In this project, we aimed to study the molecular gas reservoirs of disturbed cluster members by looking at galaxies in the nearby Antlia galaxy cluster. This is our most nearby disturbed galaxy cluster, residing around 130 million light years away and containing around 375 galaxies. This project made use of the Atacama Pathfinder Experiment (APEX) telescope, an ALMA prototype antenna modified to operate as a 12-metre single dish radio telescope at ESO’s Llano de Chajnantor observatory in Chile. This telescope was used to probe the 2-1 rotational transition of carbon monoxide (otherwise known as the CO(2-1) transition) in 92 galaxies in the Antlia cluster. CO(2-1) is the best tracer of molecular gas in galaxies as it is the second most abundant molecule after H2 and has much lower excitation requirements. Moreover, its rest frequency of around 230MHz means that it is easily observable from the ground using telescopes such as APEX.SFR_CO_luminosity_with_cicone

The team at APEX worked really hard to supply us with clean, low-noise raw data, which was helped by favourable weather conditions and a new receiver that was working better than expected. As a result, we ended up with very high-quality spectra once we had reduced the raw data. We used these spectra to measure the luminosity of the CO(2-1) transition, which was then converted into the CO(1-0) luminosity often used as a proxy for molecular gas mass. Of our total sample of 92 galaxies, we found around 30 galaxies with significant (signal-to-noise more than three) CO(2-1) detections, implying that around a third of our galaxies had significant reservoirs of molecular gas. These detections were independent of the position of the galaxy in the cluster; some detections were found in the cluster core while others were found further towards the outskirts.
We correlated our observations of the molecular gas reservoirs of our galaxy sample with their stellar masses, star formation rates and atomic hydrogen (HI) contents. We found strong correlations between star formation rate and CO(2-1) luminosity which, as expected, implies that galaxies with larger molecular gas reservoirs tend to be more star-forming. More surprisingly, we found little correlation between HI mass and CO(2-1) luminosity, and only a small fraction of galaxies with significant HI detections also have significant CO(2-1) detections. This implies that galaxies with significant reservoirs of atomic Hydrogen don’t necessarily have significant reservoirs of molecular gas in disturbed cluster environments. Finally, we found that our galaxies in the Antlia cluster have comparable molecular gas masses to a similar sample of galaxies residing in the field (these field galaxies make up the ALLSMOG survey), implying that galaxies residing in disturbed cluster environments are able to hold on to their reservoirs of molecular gas and avoid can avoid significant stripping. This agrees with the interpretation that enhanced star formation rates in disturbed cluster environments are a result of the interaction between gas-rich cluster members and the large shocks created by the galaxy cluster mergers. We also looked for evidence of stripping in these disturbed cluster environments by observing optical images of the galaxies with interesting, often asymmetric, CO line profiles. This allowed us to highlight potential candidates for follow up observations using more powerful telescopes.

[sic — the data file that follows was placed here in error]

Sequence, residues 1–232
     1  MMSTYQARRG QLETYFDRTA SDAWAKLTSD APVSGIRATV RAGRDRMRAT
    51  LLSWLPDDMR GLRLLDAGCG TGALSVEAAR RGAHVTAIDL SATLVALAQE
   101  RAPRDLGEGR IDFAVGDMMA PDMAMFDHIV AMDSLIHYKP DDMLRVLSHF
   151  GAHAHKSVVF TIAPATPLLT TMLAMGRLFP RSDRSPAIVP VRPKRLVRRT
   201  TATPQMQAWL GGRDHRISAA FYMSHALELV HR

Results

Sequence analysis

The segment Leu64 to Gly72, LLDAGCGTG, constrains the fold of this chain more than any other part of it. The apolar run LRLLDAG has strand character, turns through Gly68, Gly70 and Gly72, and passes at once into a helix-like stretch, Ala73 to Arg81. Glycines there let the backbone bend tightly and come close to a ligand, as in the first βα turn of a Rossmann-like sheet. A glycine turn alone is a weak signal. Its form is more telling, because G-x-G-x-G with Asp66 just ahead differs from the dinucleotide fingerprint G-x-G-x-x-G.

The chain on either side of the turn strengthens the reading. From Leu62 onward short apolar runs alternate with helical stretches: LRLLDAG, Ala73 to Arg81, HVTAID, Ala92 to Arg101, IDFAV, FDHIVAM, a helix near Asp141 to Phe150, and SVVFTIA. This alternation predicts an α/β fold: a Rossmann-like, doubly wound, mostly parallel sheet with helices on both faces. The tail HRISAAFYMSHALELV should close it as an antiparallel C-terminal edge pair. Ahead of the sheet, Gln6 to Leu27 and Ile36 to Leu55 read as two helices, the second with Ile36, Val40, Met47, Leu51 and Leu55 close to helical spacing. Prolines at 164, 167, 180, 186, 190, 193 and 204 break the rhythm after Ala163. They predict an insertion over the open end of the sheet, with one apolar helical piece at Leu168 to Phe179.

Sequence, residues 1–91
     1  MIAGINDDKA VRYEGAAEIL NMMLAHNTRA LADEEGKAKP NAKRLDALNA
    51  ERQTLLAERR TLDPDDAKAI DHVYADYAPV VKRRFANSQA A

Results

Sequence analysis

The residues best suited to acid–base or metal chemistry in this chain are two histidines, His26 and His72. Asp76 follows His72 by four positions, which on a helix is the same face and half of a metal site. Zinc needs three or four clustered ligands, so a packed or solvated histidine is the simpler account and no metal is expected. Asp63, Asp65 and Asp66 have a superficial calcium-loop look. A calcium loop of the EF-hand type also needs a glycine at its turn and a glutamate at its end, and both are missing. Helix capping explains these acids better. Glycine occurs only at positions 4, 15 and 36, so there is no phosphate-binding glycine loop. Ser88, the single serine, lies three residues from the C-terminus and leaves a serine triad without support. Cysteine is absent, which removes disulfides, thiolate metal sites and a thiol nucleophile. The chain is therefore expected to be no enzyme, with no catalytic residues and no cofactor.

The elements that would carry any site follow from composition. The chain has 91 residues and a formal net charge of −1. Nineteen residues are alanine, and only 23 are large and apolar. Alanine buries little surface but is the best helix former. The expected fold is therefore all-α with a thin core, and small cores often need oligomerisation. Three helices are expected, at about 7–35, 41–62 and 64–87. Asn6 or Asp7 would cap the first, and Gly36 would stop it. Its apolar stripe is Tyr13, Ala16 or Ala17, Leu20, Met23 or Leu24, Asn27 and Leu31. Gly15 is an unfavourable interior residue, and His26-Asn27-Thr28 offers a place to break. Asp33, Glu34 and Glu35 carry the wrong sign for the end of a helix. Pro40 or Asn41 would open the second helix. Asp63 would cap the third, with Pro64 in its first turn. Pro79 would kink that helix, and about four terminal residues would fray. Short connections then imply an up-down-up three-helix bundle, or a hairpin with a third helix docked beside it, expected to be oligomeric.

To anyone considering taking part in a similar research project abroad, I could not recommend these opportunities more strongly. Personally, I believe that taking part in a real research project is the most exciting way to learn new things in your chosen field, but there are many other factors that make these experiences so important. These research projects give students an insight into the world of academia, showing them whether they love their chosen field enough to make a career out of it. For me, talking to the staff and students at ESO about their experiences and interests also helped to cement my interest in a career in academia. While these opportunities are academically rewarding, I have also found it so personally rewarding to throw myself into a different culture and experience new and exciting things that I would not have been able to experience had I stayed in England.

Joe Cairns